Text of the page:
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Saudi Arabic

Saudi Arabic
(New! - CD-ROM Version)
This course teaches the Urban Hijazi Dialect, the most widely spoken and understood dialect on the Arabian Peninsula, and the one used for government and commercial purposes. This course was designed for use by diplomats, business people and serious language students. Upon completion of this course the student should have attained a working proficiency in the language. Students will be able to satisfy routine social and business requirements, be able to carry on conversations regarding a wide range of topics, and comprehend speech at a normal rate of speed. The book also provides students with the basic grammatical structures of the dialect enabling them to proceed to a greater mastery of the language. With 15 CDs and a book.

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About The Course | Design Of The Book

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About The Course

This course teaches the Urban Hijazi Dialect, the most widely spoken and understood dialect on the Arabian Peninsula, and the one used for government and commercial purposes. This course was designed for use by diplomats, business people and serious language students. Upon completion of this course the student should have attained a working proficiency in the language. Students will be able to satisfy routine social and business requirements, be able to carry on conversations regarding a wide range of topics, and comprehend speech at a normal rate of speed. The book also provides students with the basic grammatical structures of the dialect enabling them to proceed to a greater mastery of the language.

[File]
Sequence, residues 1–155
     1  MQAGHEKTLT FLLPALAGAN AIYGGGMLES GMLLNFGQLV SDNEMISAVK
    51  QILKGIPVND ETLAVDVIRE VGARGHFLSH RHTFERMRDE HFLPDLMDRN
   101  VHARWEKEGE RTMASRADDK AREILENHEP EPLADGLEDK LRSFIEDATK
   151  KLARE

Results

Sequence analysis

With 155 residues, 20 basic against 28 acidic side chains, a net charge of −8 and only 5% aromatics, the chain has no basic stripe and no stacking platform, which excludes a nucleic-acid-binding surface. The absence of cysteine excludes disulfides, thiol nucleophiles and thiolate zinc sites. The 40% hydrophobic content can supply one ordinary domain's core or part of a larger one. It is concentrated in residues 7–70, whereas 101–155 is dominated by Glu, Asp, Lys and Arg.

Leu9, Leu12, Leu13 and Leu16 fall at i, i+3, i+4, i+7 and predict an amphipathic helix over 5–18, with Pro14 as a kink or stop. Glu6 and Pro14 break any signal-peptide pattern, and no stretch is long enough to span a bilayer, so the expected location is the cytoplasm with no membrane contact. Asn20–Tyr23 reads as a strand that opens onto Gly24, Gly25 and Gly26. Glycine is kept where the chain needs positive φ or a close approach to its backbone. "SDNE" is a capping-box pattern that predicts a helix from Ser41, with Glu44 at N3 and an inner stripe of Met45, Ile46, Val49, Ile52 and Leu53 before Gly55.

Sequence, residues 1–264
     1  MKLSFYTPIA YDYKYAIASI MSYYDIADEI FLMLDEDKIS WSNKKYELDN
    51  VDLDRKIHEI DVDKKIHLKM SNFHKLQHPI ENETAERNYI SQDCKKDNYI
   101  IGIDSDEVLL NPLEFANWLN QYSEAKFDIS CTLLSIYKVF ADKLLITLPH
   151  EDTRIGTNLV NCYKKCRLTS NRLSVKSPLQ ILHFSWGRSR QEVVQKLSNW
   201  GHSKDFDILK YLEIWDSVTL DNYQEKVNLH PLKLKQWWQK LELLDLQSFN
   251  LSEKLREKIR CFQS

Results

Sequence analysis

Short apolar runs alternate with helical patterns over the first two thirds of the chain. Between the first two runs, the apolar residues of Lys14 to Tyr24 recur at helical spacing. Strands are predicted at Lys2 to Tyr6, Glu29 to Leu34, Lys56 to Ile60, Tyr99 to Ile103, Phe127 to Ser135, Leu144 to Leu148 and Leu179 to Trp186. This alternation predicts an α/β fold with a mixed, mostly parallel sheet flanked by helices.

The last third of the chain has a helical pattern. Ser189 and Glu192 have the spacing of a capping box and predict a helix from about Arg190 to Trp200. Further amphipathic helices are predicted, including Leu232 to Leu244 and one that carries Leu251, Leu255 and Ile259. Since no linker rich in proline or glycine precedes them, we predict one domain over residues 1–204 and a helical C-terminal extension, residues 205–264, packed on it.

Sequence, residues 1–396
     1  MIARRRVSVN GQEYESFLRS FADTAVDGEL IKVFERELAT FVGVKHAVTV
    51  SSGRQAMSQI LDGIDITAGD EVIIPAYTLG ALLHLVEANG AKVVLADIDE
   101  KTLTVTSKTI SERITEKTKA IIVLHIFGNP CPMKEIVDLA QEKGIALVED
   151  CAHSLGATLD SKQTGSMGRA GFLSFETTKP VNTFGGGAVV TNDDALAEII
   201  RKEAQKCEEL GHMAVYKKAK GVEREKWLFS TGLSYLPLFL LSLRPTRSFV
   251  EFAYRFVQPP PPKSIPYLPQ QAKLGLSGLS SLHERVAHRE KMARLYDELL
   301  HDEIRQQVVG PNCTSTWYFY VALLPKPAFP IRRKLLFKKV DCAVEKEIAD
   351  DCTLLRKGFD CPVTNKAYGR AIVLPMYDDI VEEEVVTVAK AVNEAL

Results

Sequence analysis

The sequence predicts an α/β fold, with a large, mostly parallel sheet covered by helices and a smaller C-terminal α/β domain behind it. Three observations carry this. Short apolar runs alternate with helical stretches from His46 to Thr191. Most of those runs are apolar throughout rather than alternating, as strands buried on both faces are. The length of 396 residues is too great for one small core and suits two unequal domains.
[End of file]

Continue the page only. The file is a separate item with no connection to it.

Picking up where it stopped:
There are three major groups of dialects in Saudi Arabia - Hijazi, spoken on the western coast, in Jidda, Taif, and the holy cities of Mecca and Medina; Najdi, spoken in and around Riyadh, in the north central part of the country; and Shargi, spoken in the oil-rich eastern reqion. While the Najdi dialect enjoys prestige by virtue of its conservatism and relative closeness to Classical Arabic and the fact that it is the dialect of the royal family, the Hijazi dialect is used throughout the country for government and commercial purposes, and has become the most widely-understood dialect in the Arabian Peninsula. The Hijazi dialect is not "pure" Saudi Arabic, and reflects recent borrowings from other dialects, especially Egyptian, Jordanian and Palestinian; for this reason, sometimes one word or expression was selected from several which may be heard, and sometimes alternative expressions are introduced, since two or even three forms may be in frequent use.

Since there is no "standard" Hijazi dialect, this book reflects the dialect as spoken in Jidda. Whenever forced to choose between language usage in the other Hijazi cities and that of Jidda, the Jidda usage was given preference. A few of the most common words from Najdi and from other cities are introduced for recognition and identified as such. There has also been a preference for modern words and structures, despite the fact that this sometimes means rejecting an older, more Saudi usage. This dialect has been designated "urban" Hijazi to distinguish it from Bedouin dialects also native to the Hijaz region.